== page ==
Meantime, I think the severity of the Saints' current issues is being overblown across the board. I'm not saying they don't exist, because they obviously do. Most of them, anyway. But it's gonna take a hell of a lot more than two games (two wins, for crying out loud, ugly though they might have been) for me to conclude that these issues are chronic, let alone terminal.

There's nothing wrong with Drew. Nitpick a couple of underthrows in week one if you must, but deep balls are low-percentage throws by their very nature. It's perfectly reasonable to grade Drew on the Drew Brees Curve, as long as you acknowledge that that's what you're doing. But despite those couple of less-than-Drewesque passes, he still threw for 357 yards, 2 TDs and posted a passer rating of 113.6. He did have a really crappy game on the road on a wet field while being under duress all fuckin' game last weekend, with a couple of ugly interceptions, but that's nothing we haven't seen before. It happens a couple times a year, and it's always just a one-game thing. He always bounces back. Hell, he already bounced back on that last drive. Drew is fine.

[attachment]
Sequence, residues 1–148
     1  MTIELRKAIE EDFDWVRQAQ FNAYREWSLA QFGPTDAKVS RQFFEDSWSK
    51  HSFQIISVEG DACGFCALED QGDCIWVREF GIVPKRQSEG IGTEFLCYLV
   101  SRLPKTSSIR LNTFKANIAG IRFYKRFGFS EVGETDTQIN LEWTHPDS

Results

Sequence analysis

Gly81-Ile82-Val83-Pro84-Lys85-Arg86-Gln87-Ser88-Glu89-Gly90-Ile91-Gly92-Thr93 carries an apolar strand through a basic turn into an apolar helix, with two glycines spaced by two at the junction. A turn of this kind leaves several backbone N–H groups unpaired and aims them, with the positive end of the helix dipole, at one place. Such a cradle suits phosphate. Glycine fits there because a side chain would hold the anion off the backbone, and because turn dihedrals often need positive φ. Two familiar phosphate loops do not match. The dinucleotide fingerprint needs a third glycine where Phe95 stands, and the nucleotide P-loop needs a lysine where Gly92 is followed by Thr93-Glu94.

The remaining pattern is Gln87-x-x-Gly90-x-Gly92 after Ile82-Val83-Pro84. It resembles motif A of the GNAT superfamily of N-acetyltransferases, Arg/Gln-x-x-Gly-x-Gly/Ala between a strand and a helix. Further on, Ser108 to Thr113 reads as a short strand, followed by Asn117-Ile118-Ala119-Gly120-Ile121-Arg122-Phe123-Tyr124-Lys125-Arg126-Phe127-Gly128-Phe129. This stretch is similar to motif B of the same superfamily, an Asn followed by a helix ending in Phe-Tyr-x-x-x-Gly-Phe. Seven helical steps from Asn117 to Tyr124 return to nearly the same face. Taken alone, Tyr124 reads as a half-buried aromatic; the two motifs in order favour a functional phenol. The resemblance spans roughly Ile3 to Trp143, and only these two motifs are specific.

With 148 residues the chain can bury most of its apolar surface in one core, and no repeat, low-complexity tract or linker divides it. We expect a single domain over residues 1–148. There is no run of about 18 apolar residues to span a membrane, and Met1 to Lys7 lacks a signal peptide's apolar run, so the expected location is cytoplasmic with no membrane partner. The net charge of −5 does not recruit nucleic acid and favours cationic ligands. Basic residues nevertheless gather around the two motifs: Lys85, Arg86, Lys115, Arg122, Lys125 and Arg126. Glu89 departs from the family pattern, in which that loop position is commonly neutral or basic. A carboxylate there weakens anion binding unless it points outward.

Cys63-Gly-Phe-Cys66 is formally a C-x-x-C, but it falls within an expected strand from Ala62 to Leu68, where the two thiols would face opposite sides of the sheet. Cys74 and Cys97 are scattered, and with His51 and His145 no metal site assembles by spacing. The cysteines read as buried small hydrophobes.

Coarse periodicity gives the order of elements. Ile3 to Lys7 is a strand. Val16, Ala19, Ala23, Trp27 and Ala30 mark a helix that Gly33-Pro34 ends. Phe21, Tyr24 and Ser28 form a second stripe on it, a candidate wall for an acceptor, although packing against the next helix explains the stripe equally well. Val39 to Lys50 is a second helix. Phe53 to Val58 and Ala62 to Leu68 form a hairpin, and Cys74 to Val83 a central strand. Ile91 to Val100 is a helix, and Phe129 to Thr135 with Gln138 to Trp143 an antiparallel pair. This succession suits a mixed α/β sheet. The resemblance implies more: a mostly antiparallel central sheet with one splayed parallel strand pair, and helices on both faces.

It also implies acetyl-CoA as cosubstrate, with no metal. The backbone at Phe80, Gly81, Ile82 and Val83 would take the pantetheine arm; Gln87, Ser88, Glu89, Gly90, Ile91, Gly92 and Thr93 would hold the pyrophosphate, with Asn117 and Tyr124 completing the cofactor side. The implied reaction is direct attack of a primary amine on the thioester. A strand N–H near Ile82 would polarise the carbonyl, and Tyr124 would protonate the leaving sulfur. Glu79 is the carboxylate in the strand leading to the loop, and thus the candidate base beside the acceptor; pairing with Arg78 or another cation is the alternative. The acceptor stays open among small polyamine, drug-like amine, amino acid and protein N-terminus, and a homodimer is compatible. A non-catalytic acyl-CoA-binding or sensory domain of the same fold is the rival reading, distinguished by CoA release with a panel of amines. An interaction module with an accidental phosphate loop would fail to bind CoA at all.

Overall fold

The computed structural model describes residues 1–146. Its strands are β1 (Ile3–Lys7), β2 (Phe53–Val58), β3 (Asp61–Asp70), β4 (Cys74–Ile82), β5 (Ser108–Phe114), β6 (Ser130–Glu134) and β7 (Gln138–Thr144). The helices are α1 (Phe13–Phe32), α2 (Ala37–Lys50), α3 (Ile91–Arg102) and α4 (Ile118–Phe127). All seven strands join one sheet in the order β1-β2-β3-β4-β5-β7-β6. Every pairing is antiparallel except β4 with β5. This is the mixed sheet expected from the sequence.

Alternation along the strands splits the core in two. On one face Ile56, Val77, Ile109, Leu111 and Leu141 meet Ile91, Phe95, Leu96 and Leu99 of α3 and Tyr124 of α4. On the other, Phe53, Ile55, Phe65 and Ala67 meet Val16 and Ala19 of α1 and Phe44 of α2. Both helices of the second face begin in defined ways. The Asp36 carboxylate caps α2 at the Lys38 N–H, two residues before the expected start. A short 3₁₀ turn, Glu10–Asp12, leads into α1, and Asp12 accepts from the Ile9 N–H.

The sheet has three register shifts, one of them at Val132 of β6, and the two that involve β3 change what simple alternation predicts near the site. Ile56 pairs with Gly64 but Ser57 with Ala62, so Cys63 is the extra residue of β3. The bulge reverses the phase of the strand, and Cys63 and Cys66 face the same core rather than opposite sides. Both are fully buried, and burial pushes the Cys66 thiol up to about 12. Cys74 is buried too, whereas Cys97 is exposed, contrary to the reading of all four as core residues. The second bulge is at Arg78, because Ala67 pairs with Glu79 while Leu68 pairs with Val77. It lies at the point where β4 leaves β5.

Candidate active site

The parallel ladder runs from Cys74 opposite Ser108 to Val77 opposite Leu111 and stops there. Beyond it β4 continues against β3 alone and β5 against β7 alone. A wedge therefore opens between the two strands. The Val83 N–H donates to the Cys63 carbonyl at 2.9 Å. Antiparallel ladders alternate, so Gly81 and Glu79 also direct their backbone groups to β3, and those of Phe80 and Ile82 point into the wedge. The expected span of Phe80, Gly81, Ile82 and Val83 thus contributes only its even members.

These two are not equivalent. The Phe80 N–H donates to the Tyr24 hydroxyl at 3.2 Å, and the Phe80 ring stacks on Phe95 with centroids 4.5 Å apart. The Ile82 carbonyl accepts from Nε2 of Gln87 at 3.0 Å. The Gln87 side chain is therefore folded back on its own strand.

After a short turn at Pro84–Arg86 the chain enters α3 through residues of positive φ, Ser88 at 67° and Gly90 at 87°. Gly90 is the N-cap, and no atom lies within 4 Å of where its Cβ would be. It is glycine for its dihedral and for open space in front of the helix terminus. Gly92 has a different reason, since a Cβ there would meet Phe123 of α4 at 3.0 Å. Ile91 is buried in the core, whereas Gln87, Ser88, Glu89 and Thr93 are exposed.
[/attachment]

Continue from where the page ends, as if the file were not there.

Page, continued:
Overall, the offensive line has been underperforming through two games, to say the least. No question about it. But I reject the notion that they've been consistently bad. Mileage varies, but to my eye it's been sporadic breakdowns. Egregious ones, to be sure. And it's resulted in six sacks over two games and quite a bit of other pressure on Drew. That's unacceptable, no argument there. But it's also been against a couple of pretty strong front 7s. With a new left tackle and an injured (to whatever extent) right guard. On a wet field in Tampa. And while they've taken some not-completely-undeserved heat for their run blocking, Mark Ingram is a hot mess right about now, and Pierre Thomas is running for 5.1 yards per. So I don't see any indication (so far) that any of their struggles aren't at least explainable to some extent, and perfectly fixable.